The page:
Image of Newgrange

Newgrange

While normally I am an independent tourist, I opt for a tour if I feel it will add substantially to my experience.  I arranged to take the Newgrange and Hill of Tara tour offered by Mary Gibbons.  The tour begins in Dublin, and provides transportation to both Newgrange and the Hill of Tara, which is where the ancient Irish kings were crowned.  This tour is heavy on history, which is why I took it and why I would highly recommend it.

Dinner: We dined at The Church, a cafe and bar  in Dublin.  As attendance declines, churches across Europe are being repurposed for other uses.  In this case, St. Mary’s Church has been converted into a beautiful bar and restaurant.

Day 4: Drive to Kinsale

Day four was supposed to be comprised of the Rock of Cashel and Cahir Castle.  Both of these sites date back to the 1100s, and are said to be impressive.  Instead, life had other plans.  We picked up a rental car and headed out of Dublin in the morning.  As we drove, I realized I had a terrible ear infection.  We cancelled our plans and sped towards Kinsale, where our hotel was booked for the night.

I stumbled into the White House Inn reception area in Kinsale and asked if I had any hope of seeing a doctor that day. The words were barely out of my mouth before a lovely woman was on the phone getting me “sorted out.” When the good people of Ireland fix you, and you begin to notice your surroundings, it turns out that Kinsale is a beautiful seaside town.   I highly recommend an evening in this charming place.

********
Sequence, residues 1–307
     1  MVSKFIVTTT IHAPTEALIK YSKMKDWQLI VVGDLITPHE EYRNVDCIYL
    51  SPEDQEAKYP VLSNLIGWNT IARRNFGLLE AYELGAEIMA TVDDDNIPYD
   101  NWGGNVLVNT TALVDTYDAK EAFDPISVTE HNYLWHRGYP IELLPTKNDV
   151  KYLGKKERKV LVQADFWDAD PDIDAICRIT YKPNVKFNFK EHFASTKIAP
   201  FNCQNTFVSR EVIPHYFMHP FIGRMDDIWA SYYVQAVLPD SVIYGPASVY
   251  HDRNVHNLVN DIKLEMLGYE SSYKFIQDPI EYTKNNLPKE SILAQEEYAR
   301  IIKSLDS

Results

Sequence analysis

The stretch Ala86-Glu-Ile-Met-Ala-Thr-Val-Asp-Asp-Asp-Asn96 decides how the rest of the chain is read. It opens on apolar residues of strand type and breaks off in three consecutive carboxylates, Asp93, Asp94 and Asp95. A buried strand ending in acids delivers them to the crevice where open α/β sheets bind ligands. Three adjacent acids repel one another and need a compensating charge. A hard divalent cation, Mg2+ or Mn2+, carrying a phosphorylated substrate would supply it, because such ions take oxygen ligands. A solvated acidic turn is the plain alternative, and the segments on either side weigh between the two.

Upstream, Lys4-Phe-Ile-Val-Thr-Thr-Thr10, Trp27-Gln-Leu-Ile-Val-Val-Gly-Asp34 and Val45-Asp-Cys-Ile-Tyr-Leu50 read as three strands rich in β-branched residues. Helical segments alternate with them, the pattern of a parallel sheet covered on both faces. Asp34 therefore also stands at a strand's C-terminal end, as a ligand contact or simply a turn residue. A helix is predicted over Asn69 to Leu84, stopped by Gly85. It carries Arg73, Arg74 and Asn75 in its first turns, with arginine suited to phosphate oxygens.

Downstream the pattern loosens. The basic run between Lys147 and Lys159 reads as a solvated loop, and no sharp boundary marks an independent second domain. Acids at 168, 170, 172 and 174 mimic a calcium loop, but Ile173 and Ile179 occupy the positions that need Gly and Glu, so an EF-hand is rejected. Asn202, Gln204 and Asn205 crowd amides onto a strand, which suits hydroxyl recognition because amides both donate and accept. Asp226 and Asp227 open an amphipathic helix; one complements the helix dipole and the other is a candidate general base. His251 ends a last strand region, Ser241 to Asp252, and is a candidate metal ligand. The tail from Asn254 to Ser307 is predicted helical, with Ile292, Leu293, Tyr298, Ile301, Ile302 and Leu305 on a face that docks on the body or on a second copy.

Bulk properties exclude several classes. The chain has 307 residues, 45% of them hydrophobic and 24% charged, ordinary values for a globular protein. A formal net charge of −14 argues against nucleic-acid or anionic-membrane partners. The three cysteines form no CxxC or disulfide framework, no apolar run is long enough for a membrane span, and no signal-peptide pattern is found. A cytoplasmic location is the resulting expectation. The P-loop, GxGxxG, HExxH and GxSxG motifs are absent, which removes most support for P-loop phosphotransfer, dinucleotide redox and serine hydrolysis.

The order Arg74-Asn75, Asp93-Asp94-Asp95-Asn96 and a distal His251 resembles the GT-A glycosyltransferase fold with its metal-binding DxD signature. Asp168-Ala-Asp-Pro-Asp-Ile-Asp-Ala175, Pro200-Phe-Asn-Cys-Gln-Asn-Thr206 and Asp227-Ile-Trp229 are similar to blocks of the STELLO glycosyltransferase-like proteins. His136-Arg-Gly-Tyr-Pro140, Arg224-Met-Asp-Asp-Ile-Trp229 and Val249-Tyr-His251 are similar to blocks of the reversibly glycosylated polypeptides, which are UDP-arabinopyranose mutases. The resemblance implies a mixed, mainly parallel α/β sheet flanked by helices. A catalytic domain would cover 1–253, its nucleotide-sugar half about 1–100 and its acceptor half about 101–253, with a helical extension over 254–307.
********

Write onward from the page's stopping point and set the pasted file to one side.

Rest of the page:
Image of Kinsale

Kinsale

Day 5: Drive to Killarney

Rental Car Tip:  Rent the tiniest car on the lot, and pack as small a bag as possible.  If you want to take a scenic ride in Ireland (and you do), then you will be driving on unbelievably small roads.  For the same reason, load up on the car insurance offered by the rental company.  I know, I know.  Usually you don’t do that.  Well, do it anyway in Ireland. Welcome to Day 5 of our Ireland trip!

Michael Collins Center: We took the N71 road all the way from Kinsale to Killarney.  Our first stop on this scenic drive was the Michael Collins Center, which is a family run interpretive center on the life and history of this larger-than-life man.  This is not a flashy operation, to say the least, but I enjoyed it because I have a keen interest in Michael Collins.